There are pianos. And then there is Mahler’s piano. Or Liszt’s. Or the one they say Hadyn and Beethoven might have played. And all these unique pianos live in the historical musical instrument collection in Vienna’s Hofburg palace complex.
And they’re not even the focus of the displays.
- Large collection of authentic old instruments from the 16th century onwards
- Numerous unique items with connections to monarchs and famous musicians
- Airy, modern displays with information in English and German (albeit using fairly technical vocabulary)
- Housed in the Weltmuseum; free entry with a Vienna Pass, Skip-the-line online tickets* available
- See also: Kunsthistorisches Museum & a guide to Vienna locations for Mozart, Haydn & Schubert
The instrument collection
As you can imagine, there are one or two historical musical instruments in Vienna. And a large number of them form the special collection housed in the Weltmuseum, itself a part of the Kunsthistorisches Museum group of institutions.
The setting mirrors the collection’s
The rooms housing the musical instruments begin at one end of the Neue Burg and stretch across to the other end, creating a linear journey through time that is mirrored in each room’s contents. At one end, 16th-century instruments; at the other, those of the late Romantic period and 20th century.
The main thread running through the collection is the evolution of musical instruments and technologies, and the work of such names as Graf, Streicher, and Bösendorfer. Various instruments fill display cases or stand free for even closer observation.
Further themes are music and court life, and the instruments of famous composers and musicians (Vienna has a few of these, too).
So, for example, the collection begins with images of the triumphal entry of Emperor Maximilian into Vienna, with real examples of the 16th-century instruments found in the illustrations. These cover a rich diversity of names and forms. Like the Spinet and Regal or the Chitarrone, or shaped wind instruments that look as if designed by a hallucinating student of Greek mythology.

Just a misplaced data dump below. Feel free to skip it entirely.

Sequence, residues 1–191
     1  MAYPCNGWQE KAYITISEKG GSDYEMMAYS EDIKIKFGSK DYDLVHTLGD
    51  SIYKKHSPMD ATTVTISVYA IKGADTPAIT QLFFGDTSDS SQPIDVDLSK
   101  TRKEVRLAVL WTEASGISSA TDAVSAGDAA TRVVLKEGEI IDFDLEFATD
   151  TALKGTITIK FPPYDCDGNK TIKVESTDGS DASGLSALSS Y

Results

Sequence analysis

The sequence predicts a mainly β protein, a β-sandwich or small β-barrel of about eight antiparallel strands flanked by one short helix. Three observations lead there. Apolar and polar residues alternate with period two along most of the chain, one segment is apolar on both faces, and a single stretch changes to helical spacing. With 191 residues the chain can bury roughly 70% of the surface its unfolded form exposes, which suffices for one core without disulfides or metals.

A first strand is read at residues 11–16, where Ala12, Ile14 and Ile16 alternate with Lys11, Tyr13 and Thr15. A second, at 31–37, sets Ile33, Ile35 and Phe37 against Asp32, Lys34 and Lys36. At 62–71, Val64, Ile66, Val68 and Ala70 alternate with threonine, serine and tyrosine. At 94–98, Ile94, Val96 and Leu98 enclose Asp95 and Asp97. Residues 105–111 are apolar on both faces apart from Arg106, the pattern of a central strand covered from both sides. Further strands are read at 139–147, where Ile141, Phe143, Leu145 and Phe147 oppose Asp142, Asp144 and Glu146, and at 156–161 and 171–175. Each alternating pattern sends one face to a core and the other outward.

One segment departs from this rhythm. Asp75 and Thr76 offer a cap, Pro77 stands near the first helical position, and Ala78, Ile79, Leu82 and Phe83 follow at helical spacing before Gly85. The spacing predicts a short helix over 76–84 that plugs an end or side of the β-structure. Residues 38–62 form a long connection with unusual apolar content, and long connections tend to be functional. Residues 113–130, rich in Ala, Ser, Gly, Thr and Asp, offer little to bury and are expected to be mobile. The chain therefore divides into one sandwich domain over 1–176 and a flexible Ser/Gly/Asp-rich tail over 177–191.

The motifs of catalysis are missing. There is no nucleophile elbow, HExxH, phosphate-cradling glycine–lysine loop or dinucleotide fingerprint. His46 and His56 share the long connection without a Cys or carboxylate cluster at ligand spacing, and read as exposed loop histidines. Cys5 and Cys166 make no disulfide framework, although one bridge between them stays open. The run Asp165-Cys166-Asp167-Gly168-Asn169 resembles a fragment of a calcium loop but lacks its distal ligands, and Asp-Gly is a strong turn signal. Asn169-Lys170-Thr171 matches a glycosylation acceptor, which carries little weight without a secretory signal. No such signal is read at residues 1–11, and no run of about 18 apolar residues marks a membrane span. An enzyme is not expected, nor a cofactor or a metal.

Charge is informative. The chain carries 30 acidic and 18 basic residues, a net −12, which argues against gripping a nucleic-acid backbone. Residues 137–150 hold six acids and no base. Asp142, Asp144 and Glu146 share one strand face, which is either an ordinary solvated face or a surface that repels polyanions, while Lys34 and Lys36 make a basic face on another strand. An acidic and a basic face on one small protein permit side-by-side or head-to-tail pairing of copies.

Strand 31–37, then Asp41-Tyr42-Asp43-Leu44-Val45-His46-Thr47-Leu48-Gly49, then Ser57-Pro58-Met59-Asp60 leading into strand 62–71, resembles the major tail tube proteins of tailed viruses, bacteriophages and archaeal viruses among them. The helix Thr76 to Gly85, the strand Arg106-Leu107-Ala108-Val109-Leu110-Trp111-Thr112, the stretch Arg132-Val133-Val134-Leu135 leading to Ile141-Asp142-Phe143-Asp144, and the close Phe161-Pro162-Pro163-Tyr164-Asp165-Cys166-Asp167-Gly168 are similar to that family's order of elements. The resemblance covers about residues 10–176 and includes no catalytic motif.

My favourite name is the C
As you progress, the focus increasingly shifts to stringed instruments and keyboards, inevitably ending with the great grand pianos of the early 20th century.
The main items of interest for the casual visitor are those instruments that once touched the hands of some of the world’s greatest musicians and composers. For example:
- A fortepiano believed to have been played by both Haydn and Beethoven
- A square piano that Schubert used when composing
- An 1839 grand piano that once felt the musical touch of Brahms
- The Érard piano used by Franz Liszt for compositions, lessons and private concerts while in Rome
- A 1902 piano owned by Mahler
However, the beauty of the instruments lies not only in their associations but in the workmanship, artistry and innovation of their designs. For example:
- Dual purpose instruments, such as a glorious 17th-century lacquered and mosaiced cabinet with a built-in keyboard, or a table inlaid with ebony and ivory that turns out to be a pipe organ
- A Bösendorfer grand piano built in the 1860s for the Paris World Fair. Imagine an opulent salon in a majestic palace. Now imagine that salon in the form of a grand piano – all neoclassical-style wood inlays, decorated scrollwork, and gilded female figures